Carl Panzram: Too Evil To Live, Part I
He was a remorseless, vicious killer, a child rapist, a man with no soul. Born in rural Minnesota in 1891, he began a life-long odyssey of crime and murder at the age of eight. By the time he was eleven, his family sent him off to a reform school as part of a plea bargain on a burglary charge. Repeatedly sodomized and physically tortured during his two years at the juvenile home, his emotional problems grew progressively worse. As a teenager, he enjoyed setting fires so he could watch buildings burn and often fantasized about committing mass murder. After he raped and murdered a 12-year-old boy in 1922, he joyfully recalled the killing: "His brains were coming out of his ears when I left him. I am not sorry. My conscious doesn't bother me. I sleep sound and have sweet dreams."
His name was Carl Panzram, one of America's most ferocious, unrepentant serial killers. Embittered by years of torture, beatings and sexual abuse both in and out of prison, Panzram evolved into a man who was meanness personified. He hated everyone, including himself. "I was so full of hate that there was no room in me for such feelings as love, pity, kindness or honor or decency," he said, "my only regret is that I wasn't born dead or not at all." He lived a nomadic existence, committing crimes in Europe, Scotland, the United States, South America and once killed six men in a day in Africa and fed their bodies to hungry crocodiles. He spent most of his chaotic life in prisons where archaic methods of repression included physical tortures that were reminiscent of medieval times.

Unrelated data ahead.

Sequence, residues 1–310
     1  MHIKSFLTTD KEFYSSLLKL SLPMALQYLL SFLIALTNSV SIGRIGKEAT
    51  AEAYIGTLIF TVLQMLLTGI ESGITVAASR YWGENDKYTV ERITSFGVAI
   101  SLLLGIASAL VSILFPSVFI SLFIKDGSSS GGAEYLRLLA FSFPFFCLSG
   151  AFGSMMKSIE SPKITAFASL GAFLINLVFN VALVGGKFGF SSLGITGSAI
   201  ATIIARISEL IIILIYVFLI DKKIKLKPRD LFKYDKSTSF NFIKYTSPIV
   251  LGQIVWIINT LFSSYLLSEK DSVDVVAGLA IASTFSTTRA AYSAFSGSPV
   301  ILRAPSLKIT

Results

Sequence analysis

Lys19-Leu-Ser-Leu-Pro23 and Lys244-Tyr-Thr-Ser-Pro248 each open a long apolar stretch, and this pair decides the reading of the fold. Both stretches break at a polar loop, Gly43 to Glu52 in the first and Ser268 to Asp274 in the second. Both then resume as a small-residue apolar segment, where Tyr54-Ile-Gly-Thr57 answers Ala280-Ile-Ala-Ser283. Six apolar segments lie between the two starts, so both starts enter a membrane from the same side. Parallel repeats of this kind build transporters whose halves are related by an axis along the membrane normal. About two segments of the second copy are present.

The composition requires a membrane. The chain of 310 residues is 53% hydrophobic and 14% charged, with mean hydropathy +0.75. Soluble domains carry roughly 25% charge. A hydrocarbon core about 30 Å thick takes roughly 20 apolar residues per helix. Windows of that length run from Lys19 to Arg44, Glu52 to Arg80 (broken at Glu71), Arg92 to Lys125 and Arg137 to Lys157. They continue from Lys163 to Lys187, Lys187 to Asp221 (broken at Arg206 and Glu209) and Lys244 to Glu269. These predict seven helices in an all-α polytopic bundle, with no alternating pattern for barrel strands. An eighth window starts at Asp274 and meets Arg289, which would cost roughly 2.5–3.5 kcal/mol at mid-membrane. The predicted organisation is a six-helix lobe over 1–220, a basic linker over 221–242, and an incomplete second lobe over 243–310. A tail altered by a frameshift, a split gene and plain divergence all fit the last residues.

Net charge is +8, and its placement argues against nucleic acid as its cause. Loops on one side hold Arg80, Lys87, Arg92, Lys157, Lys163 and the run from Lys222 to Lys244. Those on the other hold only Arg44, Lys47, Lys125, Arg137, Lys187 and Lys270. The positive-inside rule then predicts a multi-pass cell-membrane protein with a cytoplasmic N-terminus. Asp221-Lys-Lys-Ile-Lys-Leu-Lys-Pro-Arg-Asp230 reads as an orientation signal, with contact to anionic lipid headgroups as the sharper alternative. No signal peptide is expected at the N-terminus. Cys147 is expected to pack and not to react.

But when he was on the loose, Panzram murdered, raped and burned his way across the country in a mission of destruction that was unlike anything law enforcement had ever seen before. To explain his debauchery, he said his parents "were ignorant, and thru their improper teachings and improper environment, I was gradually led into the wrong way of living." But it was the prisons that Panzram hated most. Throughout his life, he was trapped in a hopeless cycle of incarceration, crime and jail. Dr. Karl Menninger once described Panzram as a man "faced with the problem of evil in himself and in the rest of us. I have always carried him in my mind as the logical product of our prison system."
On the day of his execution in Leavenworth Federal Penitentiary in 1930, he ran happily up the gallows steps, spit in the executioner's face and yelled: "Hurry up you bastard, I could kill ten men while you're fooling around!"
This is the story of a man who was "too evil to live." He was a true misanthrope, a man who hated human beings. He made no apologies for what he was and placed the blame for his deviance squarely on the doorstep of society's institutions. There is no need to exaggerate or expand on the life and crimes of Carl Panzram. The truth is enough.